61. Theater is an English thing, really.
  62. Film is an American thing, really.
  63. We produce actors who are celebrities, matinee idols.
  64. The Brits produce actors who are thesbians, masters of the stage.
  65. Both are necessary.
  66. Both in the same production are rare.
  67. Chimes at Midnight has both.
  68. Hal speaks like an American, acts like an American.
  69. When he becomes Henry IV, he pronounces and declaims like an English actor.
  70. It’s a marvelous change and directorial decision.
  71. Now to that Rejection.
  72. What’s it all about?
  73. Well the King of England can’t really spent his time rioting in a tavern.
  74. And Falstaff, smacking of the people but really just oafishly and splendidly himself, comes from that world and represents that world.
  75. Part of the play is a symbolic allegory about power and politics—are politicians may start like us, but they are not allowed to continue like us, because we want kings and presidents and leaders to be like gods.
  76. Gods are supposed to be inhuman and all-powerful.
  77. That is, power is inhuman.
  78. The more you have, the less like a person you become.
  79. Rhetorically, Shakespeare had his own stylization for these differences: he may not have had film vs. theater, American vs. British, but he certainly had a better tool.
  80. That is, language.
  81. In the Falstaff scenes, you hear a lot of prose.
  82. Amazing prose.
  83. In the courtroom scenes, you hear a lot of blank verse.
  84. Immaculate, gorgeous blank verse.
  85. For Falstaff scenes: Think Joyce. But better than Joyce.
  86. For Henry IV scenes: Think Marlowe. But better than Marlowe.
  87. Hal operates in both worlds for a time.
  88. For a time, Hal is Falstaff’s father. Hal, which is almost like Fal(staff).
  89. Then he becomes Henry V. Which is very like Henry IV.
  90. The friendship between Hal and Falstaff depicting in Chimes at Midnight, is romantic, but not in any sexual sense. Rather, it’s the essence of all friendship and comedy—two personalities that require each other to function. Falstaff performs, Hal commentates. Falstaff sins, Hal chastizes. Falstaff jests and boasts, Hal satirizes and mocks. They are seen drinking and walking, running and laughing, acting and plotting. They relate and complete one another, comically.
  91. This is what life promises.
  92. But power promises an elevation at the expense of all that. Especially, most sadly, friendship. Friendship is equivalent, and power is shared, mutual, reciprocated, given and taken. Royalty is absolute, and singular. Whenever there is one, there is violence.
  93. Or as Shakespeare says in Henry IV Act 3, Scene 1: “Uneasy lies the head that wears a crown.”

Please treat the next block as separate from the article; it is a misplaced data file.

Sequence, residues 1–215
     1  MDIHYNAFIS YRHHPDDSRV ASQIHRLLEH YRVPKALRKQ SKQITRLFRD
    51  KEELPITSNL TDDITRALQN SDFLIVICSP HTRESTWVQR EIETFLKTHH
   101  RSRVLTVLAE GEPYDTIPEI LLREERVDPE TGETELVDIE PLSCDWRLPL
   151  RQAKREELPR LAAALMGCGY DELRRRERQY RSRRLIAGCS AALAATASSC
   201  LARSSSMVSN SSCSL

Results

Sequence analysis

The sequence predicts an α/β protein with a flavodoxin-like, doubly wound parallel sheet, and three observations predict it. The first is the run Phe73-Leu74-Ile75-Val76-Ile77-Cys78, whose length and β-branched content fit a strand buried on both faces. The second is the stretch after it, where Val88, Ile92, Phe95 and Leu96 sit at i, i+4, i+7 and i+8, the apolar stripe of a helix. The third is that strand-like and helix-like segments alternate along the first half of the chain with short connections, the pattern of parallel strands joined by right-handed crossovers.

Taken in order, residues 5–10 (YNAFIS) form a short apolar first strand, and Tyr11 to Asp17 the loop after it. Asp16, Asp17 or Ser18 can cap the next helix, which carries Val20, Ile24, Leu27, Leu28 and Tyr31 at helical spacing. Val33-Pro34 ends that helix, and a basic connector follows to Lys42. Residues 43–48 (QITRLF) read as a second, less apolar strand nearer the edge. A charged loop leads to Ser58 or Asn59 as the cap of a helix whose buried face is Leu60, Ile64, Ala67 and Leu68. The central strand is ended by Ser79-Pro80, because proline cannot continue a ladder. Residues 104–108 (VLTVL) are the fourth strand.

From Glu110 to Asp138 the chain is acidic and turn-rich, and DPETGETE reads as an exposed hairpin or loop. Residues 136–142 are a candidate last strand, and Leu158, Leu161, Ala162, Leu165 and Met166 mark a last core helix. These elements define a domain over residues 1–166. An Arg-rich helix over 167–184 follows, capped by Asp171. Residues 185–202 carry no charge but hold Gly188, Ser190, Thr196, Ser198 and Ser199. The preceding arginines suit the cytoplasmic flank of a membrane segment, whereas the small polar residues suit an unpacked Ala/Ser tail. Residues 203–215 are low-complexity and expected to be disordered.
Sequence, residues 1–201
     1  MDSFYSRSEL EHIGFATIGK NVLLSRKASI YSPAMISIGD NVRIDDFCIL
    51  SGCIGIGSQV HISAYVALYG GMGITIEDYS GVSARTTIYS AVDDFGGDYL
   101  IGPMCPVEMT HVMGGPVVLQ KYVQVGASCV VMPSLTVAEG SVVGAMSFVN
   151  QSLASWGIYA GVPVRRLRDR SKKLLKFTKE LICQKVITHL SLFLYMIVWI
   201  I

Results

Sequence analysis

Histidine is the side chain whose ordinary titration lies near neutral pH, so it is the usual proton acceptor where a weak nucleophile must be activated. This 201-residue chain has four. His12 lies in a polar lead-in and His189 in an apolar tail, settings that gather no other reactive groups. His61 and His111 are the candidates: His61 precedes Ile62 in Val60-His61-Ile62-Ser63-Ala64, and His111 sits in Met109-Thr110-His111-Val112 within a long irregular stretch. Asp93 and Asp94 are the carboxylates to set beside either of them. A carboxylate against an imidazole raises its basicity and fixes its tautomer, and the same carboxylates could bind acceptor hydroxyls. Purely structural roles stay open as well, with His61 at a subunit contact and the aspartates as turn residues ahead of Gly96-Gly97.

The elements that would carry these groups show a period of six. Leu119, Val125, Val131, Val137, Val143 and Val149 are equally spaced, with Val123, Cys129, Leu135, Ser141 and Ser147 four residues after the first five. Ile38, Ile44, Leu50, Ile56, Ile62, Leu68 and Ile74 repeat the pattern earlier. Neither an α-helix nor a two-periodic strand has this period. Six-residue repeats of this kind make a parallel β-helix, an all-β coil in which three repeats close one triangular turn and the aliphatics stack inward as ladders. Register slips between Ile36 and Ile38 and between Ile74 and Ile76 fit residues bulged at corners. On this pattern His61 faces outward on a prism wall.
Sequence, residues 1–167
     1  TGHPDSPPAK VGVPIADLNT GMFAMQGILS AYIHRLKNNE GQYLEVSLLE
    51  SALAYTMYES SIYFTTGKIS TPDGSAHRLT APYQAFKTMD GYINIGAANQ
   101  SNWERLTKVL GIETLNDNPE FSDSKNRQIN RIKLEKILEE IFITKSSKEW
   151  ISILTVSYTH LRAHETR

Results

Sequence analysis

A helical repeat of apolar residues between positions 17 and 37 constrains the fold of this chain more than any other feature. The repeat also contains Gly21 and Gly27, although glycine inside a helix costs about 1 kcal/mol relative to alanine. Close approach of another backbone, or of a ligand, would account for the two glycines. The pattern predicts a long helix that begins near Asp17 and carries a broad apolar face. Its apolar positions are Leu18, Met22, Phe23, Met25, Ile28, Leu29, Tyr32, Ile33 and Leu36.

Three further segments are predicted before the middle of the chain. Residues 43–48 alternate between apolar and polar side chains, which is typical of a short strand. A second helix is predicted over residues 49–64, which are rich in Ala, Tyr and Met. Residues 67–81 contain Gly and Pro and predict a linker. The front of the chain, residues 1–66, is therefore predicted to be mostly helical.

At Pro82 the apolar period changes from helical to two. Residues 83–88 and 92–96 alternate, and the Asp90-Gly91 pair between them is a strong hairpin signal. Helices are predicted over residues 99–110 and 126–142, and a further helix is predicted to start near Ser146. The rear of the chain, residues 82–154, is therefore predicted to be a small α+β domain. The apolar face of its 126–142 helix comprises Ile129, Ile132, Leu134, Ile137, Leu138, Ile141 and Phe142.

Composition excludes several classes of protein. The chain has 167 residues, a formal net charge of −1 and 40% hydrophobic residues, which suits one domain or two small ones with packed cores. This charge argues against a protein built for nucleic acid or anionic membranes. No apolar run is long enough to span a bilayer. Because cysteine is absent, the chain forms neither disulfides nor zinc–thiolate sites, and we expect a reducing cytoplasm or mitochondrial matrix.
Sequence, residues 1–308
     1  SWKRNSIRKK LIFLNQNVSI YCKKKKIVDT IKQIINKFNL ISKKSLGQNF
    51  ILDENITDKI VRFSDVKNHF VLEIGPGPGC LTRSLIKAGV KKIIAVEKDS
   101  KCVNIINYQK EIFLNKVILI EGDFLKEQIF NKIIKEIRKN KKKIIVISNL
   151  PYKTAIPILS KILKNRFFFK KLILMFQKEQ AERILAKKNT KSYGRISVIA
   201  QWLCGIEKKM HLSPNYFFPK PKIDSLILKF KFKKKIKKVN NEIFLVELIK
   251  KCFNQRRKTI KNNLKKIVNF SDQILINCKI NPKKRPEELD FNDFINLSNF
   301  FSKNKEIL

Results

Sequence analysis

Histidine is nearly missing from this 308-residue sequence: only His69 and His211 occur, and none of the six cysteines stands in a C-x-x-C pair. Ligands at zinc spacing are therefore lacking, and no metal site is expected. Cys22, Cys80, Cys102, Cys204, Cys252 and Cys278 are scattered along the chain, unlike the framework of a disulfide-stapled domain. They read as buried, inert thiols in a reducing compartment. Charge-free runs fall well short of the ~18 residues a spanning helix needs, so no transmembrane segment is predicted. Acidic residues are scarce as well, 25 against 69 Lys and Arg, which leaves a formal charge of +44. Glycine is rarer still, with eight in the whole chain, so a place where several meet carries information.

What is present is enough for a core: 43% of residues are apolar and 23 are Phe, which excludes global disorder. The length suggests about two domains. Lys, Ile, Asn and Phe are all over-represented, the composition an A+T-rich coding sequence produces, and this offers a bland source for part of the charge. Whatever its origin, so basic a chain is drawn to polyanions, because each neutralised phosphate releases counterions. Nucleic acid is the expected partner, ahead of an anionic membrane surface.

94. Shakespeare was obsessed with the nature of selfhood—was it public, or private? How did the nature of performing effect everything we do, with others, and how we see ourselves? Shakespeare’s greatest consciousnesses tend to be actors in their own plays, able to shape their destinies, create or resolve dramatic climax, see into the motives of others as well as self-consciously write their own lines. Hegel said something smarter and more eloquent, which captures this, about them being free-masons of their own selves. Something like that. Hal is such a character. He keeps talking about his true self, his old self, his new self. Who is he? He wears a crown, he dresses in a robe, he carries a scepter, and his part has changed. His verse alters. His tone is solemn. He does not want to joke. He does not want to riot and have sport. He rebukes Falstaff. He rebukes anyone who was as he was once. He becomes what he hated and loathed, and the lesson can’t simply be he’s a horrible friend. Is this just a case of absolute power corrupts absolutely? What is the corruption? Falstaff is a braggart, a cheat, a thief, a drunkard, and insolvent.
  95. In all of our lives, we’ve had these moments. People we’ve known have attained things, and gone places, received honors, and been privileged. And always, no matter what, like Falstaff (except without his crimes, without his generosity, without his genius, his mirth, his irreverence), we EXPECT to share in that, to be entitled, to remain equals. It is not just a matter of greed and ambition. It is a matter of love.
  96. Friendship is based in a love of two people for two people. Love is always between two people.
  97. Power, political and earthly power, is the reality of an individual representing everyone.
  98. But who cares?